Another labor lawyer looks at unfair internships, another layer finds an illegal practice. Michael Tracy:
A common, but frequently unreported labor violation is the use of unpaid interns in violation of minimum wage and possibly overtime laws. The scenario is fairly typical: a company offers an opportunity to ‘break into the business’ in exchange for the intern working for free.
He also provides his perspective on college credits in return for job experience:
Some companies try to get around the law by requiring that the internship be part of a college program. However, there is no exception to the law allowed just because the “intern” may receive college credit.
He also has an interesting opinion on the lack of lawsuits:
The main reason that you do not see more lawsuits regarding unpaid internships is that the interns are very unlikely to sue. In most cases, they fear being blacklisted, as they will undoubtedly need to use the internship as a reference to get any future work.
I would add that interns see their situation as a transition. By the time they file and win a lawsuit, they will have moved on to a proper job. They won’t benefit from their effort. But the law has provisions to address this problem, at least in California:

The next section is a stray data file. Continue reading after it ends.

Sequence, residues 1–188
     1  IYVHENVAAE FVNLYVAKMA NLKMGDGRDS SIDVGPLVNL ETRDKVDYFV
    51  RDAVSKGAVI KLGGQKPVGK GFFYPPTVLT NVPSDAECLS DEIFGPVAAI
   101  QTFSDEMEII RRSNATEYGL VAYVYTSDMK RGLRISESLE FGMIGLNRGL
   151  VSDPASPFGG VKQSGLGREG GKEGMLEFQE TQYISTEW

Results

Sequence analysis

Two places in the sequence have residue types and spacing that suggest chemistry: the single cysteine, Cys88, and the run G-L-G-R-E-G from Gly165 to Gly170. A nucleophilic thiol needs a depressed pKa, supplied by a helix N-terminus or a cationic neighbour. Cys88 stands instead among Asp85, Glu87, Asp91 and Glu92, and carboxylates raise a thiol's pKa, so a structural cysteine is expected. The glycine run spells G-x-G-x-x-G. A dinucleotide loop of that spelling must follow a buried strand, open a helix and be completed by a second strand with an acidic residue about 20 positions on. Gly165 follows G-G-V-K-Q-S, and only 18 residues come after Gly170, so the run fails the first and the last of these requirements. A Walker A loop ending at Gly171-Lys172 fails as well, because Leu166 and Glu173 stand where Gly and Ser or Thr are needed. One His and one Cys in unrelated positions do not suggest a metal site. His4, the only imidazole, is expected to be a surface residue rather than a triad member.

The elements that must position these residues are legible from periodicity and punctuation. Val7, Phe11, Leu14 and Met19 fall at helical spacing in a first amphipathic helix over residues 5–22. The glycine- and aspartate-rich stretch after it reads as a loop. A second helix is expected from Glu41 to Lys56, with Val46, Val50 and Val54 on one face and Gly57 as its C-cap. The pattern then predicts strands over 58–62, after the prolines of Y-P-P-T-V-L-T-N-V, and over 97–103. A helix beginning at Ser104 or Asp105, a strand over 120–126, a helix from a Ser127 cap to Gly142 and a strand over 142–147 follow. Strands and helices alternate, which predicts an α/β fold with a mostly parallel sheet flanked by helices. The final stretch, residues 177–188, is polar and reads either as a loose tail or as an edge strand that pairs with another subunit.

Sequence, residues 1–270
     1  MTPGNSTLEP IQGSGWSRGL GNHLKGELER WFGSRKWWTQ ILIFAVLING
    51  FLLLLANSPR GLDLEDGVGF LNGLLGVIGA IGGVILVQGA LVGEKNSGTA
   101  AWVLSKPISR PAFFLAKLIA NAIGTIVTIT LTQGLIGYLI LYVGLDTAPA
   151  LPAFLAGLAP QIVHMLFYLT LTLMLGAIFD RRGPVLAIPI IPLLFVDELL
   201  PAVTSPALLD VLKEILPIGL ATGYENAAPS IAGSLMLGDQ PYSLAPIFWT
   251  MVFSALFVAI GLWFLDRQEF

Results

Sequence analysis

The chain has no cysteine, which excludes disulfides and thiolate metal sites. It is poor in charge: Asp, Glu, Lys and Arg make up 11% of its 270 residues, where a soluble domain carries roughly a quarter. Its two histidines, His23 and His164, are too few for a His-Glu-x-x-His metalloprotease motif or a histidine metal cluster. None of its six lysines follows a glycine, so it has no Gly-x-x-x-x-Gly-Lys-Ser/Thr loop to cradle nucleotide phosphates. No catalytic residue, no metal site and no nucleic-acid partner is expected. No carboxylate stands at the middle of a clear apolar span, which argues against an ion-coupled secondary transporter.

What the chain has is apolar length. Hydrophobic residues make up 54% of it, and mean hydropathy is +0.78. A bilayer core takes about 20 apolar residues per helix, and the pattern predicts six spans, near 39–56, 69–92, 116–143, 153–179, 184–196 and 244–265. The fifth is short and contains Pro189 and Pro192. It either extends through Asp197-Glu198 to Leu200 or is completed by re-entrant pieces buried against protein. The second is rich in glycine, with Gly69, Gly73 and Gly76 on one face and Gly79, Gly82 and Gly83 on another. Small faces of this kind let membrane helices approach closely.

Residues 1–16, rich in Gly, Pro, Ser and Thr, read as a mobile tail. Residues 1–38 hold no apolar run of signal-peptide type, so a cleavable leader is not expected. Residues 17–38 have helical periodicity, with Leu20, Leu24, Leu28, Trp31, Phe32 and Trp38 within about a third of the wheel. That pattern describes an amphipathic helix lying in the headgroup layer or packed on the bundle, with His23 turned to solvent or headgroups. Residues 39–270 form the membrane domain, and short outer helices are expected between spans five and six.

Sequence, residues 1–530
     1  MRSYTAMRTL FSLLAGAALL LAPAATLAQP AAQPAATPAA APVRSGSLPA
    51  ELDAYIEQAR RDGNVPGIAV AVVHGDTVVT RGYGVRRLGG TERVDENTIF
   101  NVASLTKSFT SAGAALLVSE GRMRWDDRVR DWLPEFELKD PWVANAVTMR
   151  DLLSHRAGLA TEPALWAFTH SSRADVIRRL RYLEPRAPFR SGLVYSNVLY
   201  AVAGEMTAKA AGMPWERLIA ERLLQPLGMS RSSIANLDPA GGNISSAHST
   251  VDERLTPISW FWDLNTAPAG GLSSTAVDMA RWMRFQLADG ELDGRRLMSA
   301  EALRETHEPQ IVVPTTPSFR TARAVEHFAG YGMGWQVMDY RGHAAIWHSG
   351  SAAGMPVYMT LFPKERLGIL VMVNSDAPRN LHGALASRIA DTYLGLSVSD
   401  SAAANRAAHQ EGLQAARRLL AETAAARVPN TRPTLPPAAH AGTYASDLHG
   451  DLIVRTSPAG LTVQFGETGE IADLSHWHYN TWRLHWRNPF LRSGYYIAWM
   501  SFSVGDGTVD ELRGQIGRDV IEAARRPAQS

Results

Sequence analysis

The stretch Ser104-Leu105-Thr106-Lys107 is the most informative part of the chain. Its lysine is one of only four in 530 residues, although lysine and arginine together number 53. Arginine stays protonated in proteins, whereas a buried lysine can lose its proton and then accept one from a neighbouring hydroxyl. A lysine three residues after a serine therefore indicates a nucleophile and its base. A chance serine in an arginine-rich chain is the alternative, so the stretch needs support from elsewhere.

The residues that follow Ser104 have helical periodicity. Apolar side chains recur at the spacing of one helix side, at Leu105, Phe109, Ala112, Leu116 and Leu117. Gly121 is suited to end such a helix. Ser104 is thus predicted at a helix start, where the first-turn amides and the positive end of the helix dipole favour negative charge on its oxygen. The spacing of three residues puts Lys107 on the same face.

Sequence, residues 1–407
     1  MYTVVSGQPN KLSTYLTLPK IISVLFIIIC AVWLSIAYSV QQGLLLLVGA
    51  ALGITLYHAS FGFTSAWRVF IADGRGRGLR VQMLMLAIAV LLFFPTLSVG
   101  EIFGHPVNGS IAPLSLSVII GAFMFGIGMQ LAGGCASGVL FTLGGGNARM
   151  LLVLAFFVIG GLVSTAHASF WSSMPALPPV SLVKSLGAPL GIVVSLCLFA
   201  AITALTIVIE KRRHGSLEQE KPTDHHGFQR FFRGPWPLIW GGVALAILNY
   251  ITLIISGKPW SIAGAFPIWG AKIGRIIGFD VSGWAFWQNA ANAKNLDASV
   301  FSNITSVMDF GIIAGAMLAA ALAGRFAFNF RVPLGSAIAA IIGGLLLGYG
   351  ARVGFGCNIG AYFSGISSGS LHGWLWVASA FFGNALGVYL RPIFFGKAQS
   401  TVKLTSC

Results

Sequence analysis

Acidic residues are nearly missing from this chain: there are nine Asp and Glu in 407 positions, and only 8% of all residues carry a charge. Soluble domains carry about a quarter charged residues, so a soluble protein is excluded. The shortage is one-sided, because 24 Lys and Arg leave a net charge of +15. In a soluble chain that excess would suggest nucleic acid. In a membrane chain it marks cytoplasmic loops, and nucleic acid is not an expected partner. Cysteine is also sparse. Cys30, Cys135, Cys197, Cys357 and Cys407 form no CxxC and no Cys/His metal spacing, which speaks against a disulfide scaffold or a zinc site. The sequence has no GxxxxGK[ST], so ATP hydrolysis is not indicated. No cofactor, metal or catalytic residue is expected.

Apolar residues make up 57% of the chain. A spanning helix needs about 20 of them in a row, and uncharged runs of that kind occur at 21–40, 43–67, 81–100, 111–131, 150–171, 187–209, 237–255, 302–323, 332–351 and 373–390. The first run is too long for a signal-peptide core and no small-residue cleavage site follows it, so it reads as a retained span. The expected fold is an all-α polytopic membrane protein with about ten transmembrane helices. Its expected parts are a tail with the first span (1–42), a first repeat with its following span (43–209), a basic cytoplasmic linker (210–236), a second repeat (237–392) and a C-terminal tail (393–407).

This is where California’s Private Attorney General Act comes in. Because this law allows anyone at the company to sue for labor violations, even if they themselves are not affected by the violation, it is now possible for these companies to be brought into compliance with the law. If you work for a company that uses unpaid interns and would like to put an end to this illegal practice, you should consider bringing a Private Attorney General cause of action.
So if you’re an employee that’s been displaced by an unpaid intern, you have the law on your side.